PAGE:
Difference Between Amorphous and Crystalline Polymers

Main Difference – Amorphous vs Crystalline Polymers

Polymers are large macromolecules formed by joining a large number of smaller units called monomers. There are various types of polymer classifications. The most primary classification is based on the types of monomers that form the polymer. According to this classification, there are two types of polymers; (a) homopolymers, formed by the joining of single type of monomer (ex: polyvinyl chloride) and (b) heteropolymer, formed by the joining of two or more different types of monomer molecules (ex: poly (ethylene, propylene) copolymer). Another classification is based on the material properties of the polymer, namely; crystalline and amorphous. However, this classification is rather confusing because polymers can generally be both crystalline and amorphous. Although there are no 100% crystalline polymers, some polymers may be 100% amorphous under certain conditions. Polymer chains are arranged in  crystallized regions with specific patterns. Since there are no completely crystallised polymers, polymers with more crystalline regions are called semicrystalline polymers. Amorphous polymers are the polymers that have no crystalline regions and no uniformly packed molecules. Instead, amorphous regions of a polymer have randomly packed molecules with no sharp melting point. Thus, the main difference between amorphous and crystalline polymers is that amorphous polymers do not have uniformly packed molecules whereas crystalline polymers have uniformly packed molecules.

This article  describes,

1. What is Amorphous Polymer?

2. What is Crystalline Polymer?

3. Difference Between Amorphous and Crystalline Polymers

Difference Between Amorphous and Crystalline Polymers - Comparison Summary

What is Amorphous Polymer

Amorphous polymers are polymers that are composed of amorphous regions where molecules are randomly arranged. Polymers can be either completely amorphous or mixed with both amorphous and crystalline regions. Amorphous polymers possess widely different mechanical and physical properties owing to their structure and temperature. Below glass transition temperature (Tg), amorphous polymers exhibit glassy, hard and brittle properties. As the temperature is increased, while it passes the Tg, amorphous polymers form cross-links and show elastic properties. Tg is defined as the temperature at which the polymer becomes soft due to the long-range coordinated molecular motion. Natural rubber latex, styrene-butadiene rubber (SBR) are good examples of amorphous polymers below the glass transition temperature.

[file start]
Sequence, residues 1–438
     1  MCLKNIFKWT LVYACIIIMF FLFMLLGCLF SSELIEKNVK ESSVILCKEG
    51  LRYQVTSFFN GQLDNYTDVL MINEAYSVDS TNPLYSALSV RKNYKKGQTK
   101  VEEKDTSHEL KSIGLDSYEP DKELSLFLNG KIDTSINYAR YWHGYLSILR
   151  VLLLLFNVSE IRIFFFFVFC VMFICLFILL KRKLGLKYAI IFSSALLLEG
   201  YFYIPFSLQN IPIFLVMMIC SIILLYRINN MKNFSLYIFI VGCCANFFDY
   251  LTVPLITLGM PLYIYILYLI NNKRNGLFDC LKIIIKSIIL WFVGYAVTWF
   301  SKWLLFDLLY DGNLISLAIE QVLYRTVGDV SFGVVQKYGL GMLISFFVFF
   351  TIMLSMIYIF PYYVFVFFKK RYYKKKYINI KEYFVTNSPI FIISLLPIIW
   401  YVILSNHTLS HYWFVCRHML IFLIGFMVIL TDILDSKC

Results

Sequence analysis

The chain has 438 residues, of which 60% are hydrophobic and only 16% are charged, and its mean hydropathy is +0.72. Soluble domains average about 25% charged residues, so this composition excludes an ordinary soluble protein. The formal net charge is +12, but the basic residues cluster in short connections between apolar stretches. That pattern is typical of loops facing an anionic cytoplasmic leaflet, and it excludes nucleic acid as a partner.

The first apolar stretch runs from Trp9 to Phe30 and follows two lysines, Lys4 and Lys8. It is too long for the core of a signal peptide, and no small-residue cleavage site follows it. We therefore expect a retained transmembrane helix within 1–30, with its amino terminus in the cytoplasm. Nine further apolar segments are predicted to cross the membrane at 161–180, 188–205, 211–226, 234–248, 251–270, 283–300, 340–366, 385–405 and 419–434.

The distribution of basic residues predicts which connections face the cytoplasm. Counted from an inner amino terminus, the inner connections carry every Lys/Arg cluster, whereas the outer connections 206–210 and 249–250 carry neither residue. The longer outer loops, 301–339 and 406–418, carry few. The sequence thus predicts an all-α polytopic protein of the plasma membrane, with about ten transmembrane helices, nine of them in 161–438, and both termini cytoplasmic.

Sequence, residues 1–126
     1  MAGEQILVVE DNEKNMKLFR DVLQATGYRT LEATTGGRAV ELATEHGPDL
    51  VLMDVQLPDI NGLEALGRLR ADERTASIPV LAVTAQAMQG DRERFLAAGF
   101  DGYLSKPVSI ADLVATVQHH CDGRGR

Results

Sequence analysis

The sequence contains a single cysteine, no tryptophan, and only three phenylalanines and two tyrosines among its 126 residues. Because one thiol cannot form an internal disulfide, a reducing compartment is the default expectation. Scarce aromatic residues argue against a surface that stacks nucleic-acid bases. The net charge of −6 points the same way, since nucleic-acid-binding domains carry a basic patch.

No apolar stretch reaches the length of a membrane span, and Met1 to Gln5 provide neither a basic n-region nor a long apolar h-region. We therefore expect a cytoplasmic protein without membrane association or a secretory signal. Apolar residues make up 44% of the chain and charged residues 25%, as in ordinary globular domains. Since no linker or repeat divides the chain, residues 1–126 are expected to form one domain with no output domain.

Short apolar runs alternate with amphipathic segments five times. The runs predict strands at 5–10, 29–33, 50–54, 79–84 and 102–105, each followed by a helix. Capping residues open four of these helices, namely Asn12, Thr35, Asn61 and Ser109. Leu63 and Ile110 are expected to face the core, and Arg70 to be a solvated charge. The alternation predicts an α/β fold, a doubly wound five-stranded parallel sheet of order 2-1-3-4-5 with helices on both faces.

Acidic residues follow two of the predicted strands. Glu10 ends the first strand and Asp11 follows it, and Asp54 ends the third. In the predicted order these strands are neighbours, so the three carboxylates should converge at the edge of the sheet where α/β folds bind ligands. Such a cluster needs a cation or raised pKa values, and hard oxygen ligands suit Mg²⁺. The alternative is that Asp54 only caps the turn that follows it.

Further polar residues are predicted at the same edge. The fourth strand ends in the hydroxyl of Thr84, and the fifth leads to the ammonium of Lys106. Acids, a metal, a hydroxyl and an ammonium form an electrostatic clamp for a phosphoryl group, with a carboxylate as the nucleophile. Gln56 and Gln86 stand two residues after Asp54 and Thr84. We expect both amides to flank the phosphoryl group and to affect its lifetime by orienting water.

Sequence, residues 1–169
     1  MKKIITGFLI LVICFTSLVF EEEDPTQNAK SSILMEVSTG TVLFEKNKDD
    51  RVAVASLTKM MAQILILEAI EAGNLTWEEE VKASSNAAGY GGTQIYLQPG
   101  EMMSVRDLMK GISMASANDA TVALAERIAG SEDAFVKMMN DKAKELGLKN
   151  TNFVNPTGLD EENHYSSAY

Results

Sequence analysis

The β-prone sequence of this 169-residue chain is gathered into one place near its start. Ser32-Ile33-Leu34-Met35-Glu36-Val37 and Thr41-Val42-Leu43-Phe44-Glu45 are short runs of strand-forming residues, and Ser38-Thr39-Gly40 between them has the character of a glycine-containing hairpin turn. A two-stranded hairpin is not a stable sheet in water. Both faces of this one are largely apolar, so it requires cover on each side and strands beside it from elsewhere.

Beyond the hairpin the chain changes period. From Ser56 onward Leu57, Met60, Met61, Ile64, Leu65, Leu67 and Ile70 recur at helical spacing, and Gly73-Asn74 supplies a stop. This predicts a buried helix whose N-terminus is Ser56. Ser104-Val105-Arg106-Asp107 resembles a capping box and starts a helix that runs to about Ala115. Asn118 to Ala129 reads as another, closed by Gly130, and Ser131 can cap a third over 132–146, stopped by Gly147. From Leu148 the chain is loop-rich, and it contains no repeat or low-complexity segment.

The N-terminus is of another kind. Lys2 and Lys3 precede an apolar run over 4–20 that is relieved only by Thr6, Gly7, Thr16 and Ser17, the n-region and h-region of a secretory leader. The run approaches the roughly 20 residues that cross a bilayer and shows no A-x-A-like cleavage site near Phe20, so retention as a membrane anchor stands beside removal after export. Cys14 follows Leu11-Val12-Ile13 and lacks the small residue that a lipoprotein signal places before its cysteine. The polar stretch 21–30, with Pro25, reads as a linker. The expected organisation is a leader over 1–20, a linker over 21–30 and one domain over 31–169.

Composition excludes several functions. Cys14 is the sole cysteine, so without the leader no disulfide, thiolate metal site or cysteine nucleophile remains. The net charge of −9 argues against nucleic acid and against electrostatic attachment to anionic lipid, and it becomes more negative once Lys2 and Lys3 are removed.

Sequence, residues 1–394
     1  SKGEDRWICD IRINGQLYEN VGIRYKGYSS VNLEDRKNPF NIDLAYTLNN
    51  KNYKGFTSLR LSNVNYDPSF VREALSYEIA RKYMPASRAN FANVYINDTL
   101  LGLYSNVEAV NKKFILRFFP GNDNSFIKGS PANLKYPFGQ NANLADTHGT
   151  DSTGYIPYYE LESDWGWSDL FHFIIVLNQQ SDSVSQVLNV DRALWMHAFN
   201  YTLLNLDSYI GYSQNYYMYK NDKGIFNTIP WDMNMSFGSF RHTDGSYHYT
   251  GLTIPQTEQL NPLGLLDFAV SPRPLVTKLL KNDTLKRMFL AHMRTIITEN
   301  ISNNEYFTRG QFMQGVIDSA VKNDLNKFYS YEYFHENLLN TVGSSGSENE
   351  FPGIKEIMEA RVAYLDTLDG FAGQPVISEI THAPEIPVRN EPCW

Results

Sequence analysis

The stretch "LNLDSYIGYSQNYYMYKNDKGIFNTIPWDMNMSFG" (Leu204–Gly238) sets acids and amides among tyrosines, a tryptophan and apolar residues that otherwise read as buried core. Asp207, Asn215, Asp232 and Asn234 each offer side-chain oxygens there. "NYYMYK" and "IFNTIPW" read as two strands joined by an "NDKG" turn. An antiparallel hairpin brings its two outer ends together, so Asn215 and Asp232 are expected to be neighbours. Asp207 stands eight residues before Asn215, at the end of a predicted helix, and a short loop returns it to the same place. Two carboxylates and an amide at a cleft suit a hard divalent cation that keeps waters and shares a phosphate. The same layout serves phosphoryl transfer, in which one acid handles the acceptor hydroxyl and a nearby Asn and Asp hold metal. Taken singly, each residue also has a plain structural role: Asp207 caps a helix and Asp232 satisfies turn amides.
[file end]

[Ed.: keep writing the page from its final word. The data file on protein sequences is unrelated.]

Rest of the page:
Difference Between Amorphous and Crystalline Polymers

What is Crystalline Polymer

Not a single polymer is crystalline because all the crystalline polymers contain considerable amounts of amorphous material. Thus, crystalline polymers are generally called semicrystalline polymers. Crystalline polymers show X-ray diffraction patterns due to the existence of specific partial patterns of molecules in the polymer chains and exhibit a crystalline melting temperature. X-ray diffraction, density measurements and heat of fusion are detected in order to determine the fraction of crystalline substances present in a particular polymer.

Difference Between Amorphous and Crystalline Polymers

Definition

Amorphous polymers are the polymers that contain amorphous regions where molecules are arranged randomly.

Crystalline polymers are the polymers with crystalline regions where molecules are arranged in a partial pattern.

Arrangement of Molecules

Amorphous polymers do not have uniformly packed molecules.

Crystalline polymers have uniformly packed molecules.

Melting Point

Amorphous polymers do not have a sharp melting point.

Crystalline polymers have a sharp melting point.

Clarity

Amorphous polymers are transparent.

Crystalline polymers are opaque/ translucent.

Shrinkage

Amorphous polymers have a low shrinkage.

Crystalline polymers have a high shrinkage.

Chemical Resistance

Amorphous polymers have a poor chemical resistance.

Crystalline polymers have a good chemical resistance.

Hardness

Amorphous polymers are soft.

Crystalline polymers are hard.

Energy to Melt

Amorphous polymers have low energy.

Crystalline polymers have high energy.

Unlike crystalline polymers, amorphous polymers are brittle and glassy below Tg, while elastomeric above Tg.

Gas Permeability

Amorphous polymers have a high gas permeability.

Crystalline polymers have a low gas permeability.

Unlike amorphous polymers, crystalline polymers exhibit a melting transition temperature (Tm), glass transition temperature (Tg) and crystalline order.

References:

Chalmers, J. M., & Meier, R. J. (Eds.). (2008). Molecular characterization and analysis of polymers. Amsterdam: Elsevier.
Giles, H. F., Wagner, J. R., & Mount, E. M. (2005). Extrusion: The definitive processing guide and handbook. Norwich, NY: William Andrew Pub.
Sperling, L. H. (1997). Polymeric multicomponent materials: An introduction. New York: Wiley.
 
Image Courtesy: 

“Amorphous vs Crystalline” By CPNikadee – Own work via

About the Author: Yashoda

Yashoda has been a freelance writer in the field of biology for about four years. He is an expert in conducting research related to polymer chemistry and nano-technology. He holds a B.Sc. (Hons) degree in Applied Science and a Master of Science degree in Industrial Chemistry.


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